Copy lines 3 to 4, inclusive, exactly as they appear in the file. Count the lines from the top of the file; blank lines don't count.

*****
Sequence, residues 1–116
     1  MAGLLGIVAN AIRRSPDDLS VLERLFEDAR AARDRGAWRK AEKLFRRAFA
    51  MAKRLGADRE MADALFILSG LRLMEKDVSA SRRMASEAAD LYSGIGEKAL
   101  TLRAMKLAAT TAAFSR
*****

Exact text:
    51  MAKRLGADRE MADALFILSG LRLMEKDVSA SRRMASEAAD LYSGIGEKAL
   101  TLRAMKLAAT TAAFSR